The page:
Addiction is both a personal health crisis and a public health concern; it wreaks havoc on individual lives and can damage entire communities. The opioid crisis, for example, has led to the deaths of thousands of people, devastated families, and left cities and towns struggling financially from the loss of a workforce. How we understand addiction, therefore, has significant policy implications. The trouble is, addiction is difficult to treat, relapse is common, and there is no scientific rule to explain why any given drinker, user of prescription drugs, or recreational marijuana user becomes dependent or addicted.
While the opioid crisis is certainly unprecedented in death toll, Americans have been seeking public policy answers to the sociological problems wrought by drugs for decades. Starting in the second half of the 20th century, American drug policy became increasingly punitive and focused on enforcement; coined “the war on drugs” by the press after President Nixon declared drugs to be “public enemy number one.” Federal anti-drug dollars for law enforcement and interdiction grew throughout the 1970s, and by 1980 more money was being spent on enforcement than treatment, education, and prevention.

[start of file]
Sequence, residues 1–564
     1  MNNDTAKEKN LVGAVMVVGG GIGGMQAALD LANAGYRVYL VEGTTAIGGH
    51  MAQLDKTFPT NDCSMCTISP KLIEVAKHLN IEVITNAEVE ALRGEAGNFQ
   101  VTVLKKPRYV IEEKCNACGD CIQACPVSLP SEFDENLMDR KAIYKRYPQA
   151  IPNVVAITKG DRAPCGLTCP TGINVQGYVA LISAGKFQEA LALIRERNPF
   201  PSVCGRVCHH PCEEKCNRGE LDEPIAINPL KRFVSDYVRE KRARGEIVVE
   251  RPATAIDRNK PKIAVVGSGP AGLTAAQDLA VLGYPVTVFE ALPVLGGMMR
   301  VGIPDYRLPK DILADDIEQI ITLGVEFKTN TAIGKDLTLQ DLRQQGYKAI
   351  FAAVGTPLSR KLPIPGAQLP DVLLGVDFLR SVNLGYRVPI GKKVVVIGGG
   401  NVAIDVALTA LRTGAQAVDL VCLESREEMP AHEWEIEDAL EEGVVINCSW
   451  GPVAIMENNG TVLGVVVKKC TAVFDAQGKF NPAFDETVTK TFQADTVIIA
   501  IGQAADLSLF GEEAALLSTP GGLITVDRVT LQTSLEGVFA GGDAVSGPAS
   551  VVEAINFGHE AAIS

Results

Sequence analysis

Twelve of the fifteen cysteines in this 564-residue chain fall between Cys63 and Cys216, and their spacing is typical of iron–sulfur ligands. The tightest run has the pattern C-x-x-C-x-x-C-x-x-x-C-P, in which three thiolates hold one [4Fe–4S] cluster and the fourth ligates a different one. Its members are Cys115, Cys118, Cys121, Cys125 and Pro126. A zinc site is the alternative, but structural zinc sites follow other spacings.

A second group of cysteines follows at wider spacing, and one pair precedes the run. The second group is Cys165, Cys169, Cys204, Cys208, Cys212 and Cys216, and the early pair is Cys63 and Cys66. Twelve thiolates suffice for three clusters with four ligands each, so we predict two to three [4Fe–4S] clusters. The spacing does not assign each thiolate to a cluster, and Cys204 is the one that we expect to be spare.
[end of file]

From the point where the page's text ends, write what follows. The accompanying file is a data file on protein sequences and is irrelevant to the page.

Heavy-handed enforcement and complete prohibition (except for alcohol which is a topic for another article) was fueled by the belief that drugs have such a powerful physiological effect on the brain that drug use results in a permanently warped brain. Infamously, the war on drugs has resulted in 500,000 Americans incarcerated on drug offenses. It was successful at locking people up but not successful at reducing drug use. Even before the height of the opioid crisis, the number of deaths due to drugs doubled from 1993 to 2013, as other causes of death have declined. The war on drugs has been widely critiqued for taking a too simple, albeit hardline, approach to drug addiction. The deterrent effect of harsh prison sentences wasn’t enough to prevent new addictions or dissuade use. In response to this failure and desperate for a solution to a growing problem, some believe they have “discovered” the cause of addiction. In 2015, Chasing the Scream: The First and Last Days of the War on Drugs by Johann Hari maintained best-seller status for weeks. Hari’s theory is that the war on drugs was not successful in reducing drug dependency in the United States because it did not address the true cause of addiction: a lack of human connection. The book was followed by a Ted Talk, the modern mode of sharing novel, uncompromising ideas which are easily summed up in a marketable catch phrase but are rarely nuanced.